WARNING – Long post ahead. So perhaps you would like to grab a cuppa and snack before you start. 🙂
This is for Anna** and I. Anna feels that she is falling behind financially and I can see that the things I need to do are fast outweighing the available time.
The first part of this post is about me.
I do not have a lot of preparation to do for Christmas with only a couple of gifts to buy and the only meal I am hosting is for 5 adults on Christmas morning. However, there just seem to be lots of relatively minor things I need to attend to that are getting squashed into the time before Christmas (17 days). Without the aid of a list, I am completely lost so here it is.
Ring telecommunications company re phone charges
Pick up belt from repairer
Move furniture for carpet cleaner (coming tomorrow)
Add photos to Christmas letter
Write and post Christmas cards with letter
Make phone calls re extended family BBQ in January
Set up email list for recipients of Christmas letter via email
Defrost the freezer (and do a stocktake of the contents)
Buy Christmas presents for Missy & Belle (I know what to buy, just need to do it)
Finish home-made gifts and package them up
Check on changing health insurance cover
Even my menu planning has fallen a bit by the wayside recently, although I usually have a rough idea of meals for the next couple of days in my head. This is not ideal and I need to get back on track. Having a written list for the week saves space in my head and leaves room for thinking about other things.
Anna feels as though she is chasing her tail, both time-wise and financially. Does that sound familiar? With a young family there are many competing priorities and every time you feel like you are getting ahead something else rears its ugly head. Many of us see paid work as the only way to get ahead (or back on track) financially. Earning money is certainly the most obvious way to make ends meet but the other thing to remember is that the time spent earning that money is time that you cannot devote to money-saving activities. I am not about to suggest that Anna stop working but it is worth keeping in mind the things you can do to prevent leaks in the budget.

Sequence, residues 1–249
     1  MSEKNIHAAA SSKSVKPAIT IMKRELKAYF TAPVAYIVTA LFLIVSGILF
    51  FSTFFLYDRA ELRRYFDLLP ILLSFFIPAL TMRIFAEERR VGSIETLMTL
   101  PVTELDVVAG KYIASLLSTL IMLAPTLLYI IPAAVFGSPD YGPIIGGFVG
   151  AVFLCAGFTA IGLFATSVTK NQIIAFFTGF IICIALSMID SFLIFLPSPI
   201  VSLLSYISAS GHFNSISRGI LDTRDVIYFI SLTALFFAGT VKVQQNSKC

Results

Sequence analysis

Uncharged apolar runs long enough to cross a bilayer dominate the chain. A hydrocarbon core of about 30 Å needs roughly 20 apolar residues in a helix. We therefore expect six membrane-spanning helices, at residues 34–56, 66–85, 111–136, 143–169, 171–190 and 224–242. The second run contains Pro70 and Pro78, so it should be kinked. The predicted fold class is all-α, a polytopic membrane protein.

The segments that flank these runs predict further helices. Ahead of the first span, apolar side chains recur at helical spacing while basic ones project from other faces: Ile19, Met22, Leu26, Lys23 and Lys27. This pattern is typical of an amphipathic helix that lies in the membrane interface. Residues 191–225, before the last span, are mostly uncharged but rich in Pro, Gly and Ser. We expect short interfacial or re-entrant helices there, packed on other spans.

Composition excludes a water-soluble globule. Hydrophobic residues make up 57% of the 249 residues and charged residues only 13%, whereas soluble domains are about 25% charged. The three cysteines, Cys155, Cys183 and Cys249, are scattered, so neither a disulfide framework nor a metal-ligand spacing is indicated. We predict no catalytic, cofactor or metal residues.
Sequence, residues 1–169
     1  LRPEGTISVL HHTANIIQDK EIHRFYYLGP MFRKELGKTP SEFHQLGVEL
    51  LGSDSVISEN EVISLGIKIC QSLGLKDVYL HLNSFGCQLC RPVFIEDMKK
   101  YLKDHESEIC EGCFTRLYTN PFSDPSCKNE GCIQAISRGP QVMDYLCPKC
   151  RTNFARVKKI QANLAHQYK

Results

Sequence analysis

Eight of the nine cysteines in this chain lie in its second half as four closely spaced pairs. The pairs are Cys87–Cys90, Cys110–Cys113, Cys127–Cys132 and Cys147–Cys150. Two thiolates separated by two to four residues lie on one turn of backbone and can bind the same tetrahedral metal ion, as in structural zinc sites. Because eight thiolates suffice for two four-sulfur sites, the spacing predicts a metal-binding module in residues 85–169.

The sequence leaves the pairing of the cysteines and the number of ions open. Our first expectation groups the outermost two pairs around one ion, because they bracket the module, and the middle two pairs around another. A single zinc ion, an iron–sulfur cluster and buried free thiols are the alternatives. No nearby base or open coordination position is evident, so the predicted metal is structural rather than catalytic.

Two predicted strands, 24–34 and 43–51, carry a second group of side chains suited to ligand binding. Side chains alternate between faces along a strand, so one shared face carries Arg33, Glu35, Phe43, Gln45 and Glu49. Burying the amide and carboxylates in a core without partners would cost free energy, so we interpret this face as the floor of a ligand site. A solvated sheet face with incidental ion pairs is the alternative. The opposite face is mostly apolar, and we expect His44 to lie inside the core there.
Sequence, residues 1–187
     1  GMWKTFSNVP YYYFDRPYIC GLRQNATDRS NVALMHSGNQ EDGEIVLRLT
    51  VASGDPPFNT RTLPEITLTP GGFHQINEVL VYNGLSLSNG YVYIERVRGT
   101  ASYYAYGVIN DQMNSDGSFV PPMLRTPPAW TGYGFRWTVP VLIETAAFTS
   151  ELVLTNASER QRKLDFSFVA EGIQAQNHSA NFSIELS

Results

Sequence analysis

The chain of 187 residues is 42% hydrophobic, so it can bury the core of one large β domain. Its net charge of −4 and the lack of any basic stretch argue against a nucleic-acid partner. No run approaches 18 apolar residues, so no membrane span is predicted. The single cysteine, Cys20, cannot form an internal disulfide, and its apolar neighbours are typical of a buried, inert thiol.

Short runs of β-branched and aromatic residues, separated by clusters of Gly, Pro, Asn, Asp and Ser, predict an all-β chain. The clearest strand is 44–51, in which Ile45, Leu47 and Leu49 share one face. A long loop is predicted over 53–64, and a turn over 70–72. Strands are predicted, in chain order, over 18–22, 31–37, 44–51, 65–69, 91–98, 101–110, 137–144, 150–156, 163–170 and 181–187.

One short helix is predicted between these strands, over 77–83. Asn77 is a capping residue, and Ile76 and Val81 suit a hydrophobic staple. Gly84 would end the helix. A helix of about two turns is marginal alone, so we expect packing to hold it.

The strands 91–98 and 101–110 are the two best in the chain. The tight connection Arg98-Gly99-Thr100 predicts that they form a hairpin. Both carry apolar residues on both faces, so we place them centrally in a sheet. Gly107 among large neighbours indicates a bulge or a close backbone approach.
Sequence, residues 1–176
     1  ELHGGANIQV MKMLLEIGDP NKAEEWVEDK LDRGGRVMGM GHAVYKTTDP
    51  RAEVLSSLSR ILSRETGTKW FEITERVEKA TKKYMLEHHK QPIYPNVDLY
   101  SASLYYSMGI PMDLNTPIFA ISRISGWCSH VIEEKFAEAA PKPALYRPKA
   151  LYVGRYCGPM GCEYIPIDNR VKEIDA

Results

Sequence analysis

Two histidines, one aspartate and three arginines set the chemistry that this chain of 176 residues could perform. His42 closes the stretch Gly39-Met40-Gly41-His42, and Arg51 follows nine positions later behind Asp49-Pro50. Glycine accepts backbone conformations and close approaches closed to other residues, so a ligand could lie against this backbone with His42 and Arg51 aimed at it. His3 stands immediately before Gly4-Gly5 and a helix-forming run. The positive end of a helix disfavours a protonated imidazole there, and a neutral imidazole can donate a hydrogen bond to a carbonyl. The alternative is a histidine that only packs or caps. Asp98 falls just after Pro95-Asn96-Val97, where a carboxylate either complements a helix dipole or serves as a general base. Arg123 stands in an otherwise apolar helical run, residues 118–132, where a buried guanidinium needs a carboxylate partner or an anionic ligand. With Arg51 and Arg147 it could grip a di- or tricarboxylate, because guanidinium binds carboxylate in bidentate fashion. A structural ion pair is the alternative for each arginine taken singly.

One of the most significant costs in the family budget is food which is absolutely essential. As my post yesterday discussed, there are savings to be made in this area by making meals from scratch. This is easy to say but can be difficult to achieve when you are working so a menu plan is definitely your best friend. Having a plan helps to stave off the “grab a takeaway on the way home” syndrome. Stick to simple meals and cook a couple of meals in bulk. It does not have to be presented as the same meal but you can use the same base. An example is bolognaise sauce which is extremely versatile. Serve with pasta, as topping for baked potatoes or top with mashed potato for a Shepherd’s Pie.
Do not try to do everything but focus on one or two changes that are manageable and reap the rewards. If you put a modest amount of money aside each pay (perhaps, $20 if you can manage) you will soon have a fund to start to cover the unexpected expenses and the budget will not look so bleak.
As I have shown many times before almost everything can be traced back to being organised. We all slip-up from time to time but it is important not to a) lose heart and give up or b) beat yourself up about it. Regroup and try again.
The most important thing is to be kind to yourself and make sure you take time out to rest and relax. I hope you all have an opportunity over the Christmas break.
**not her real name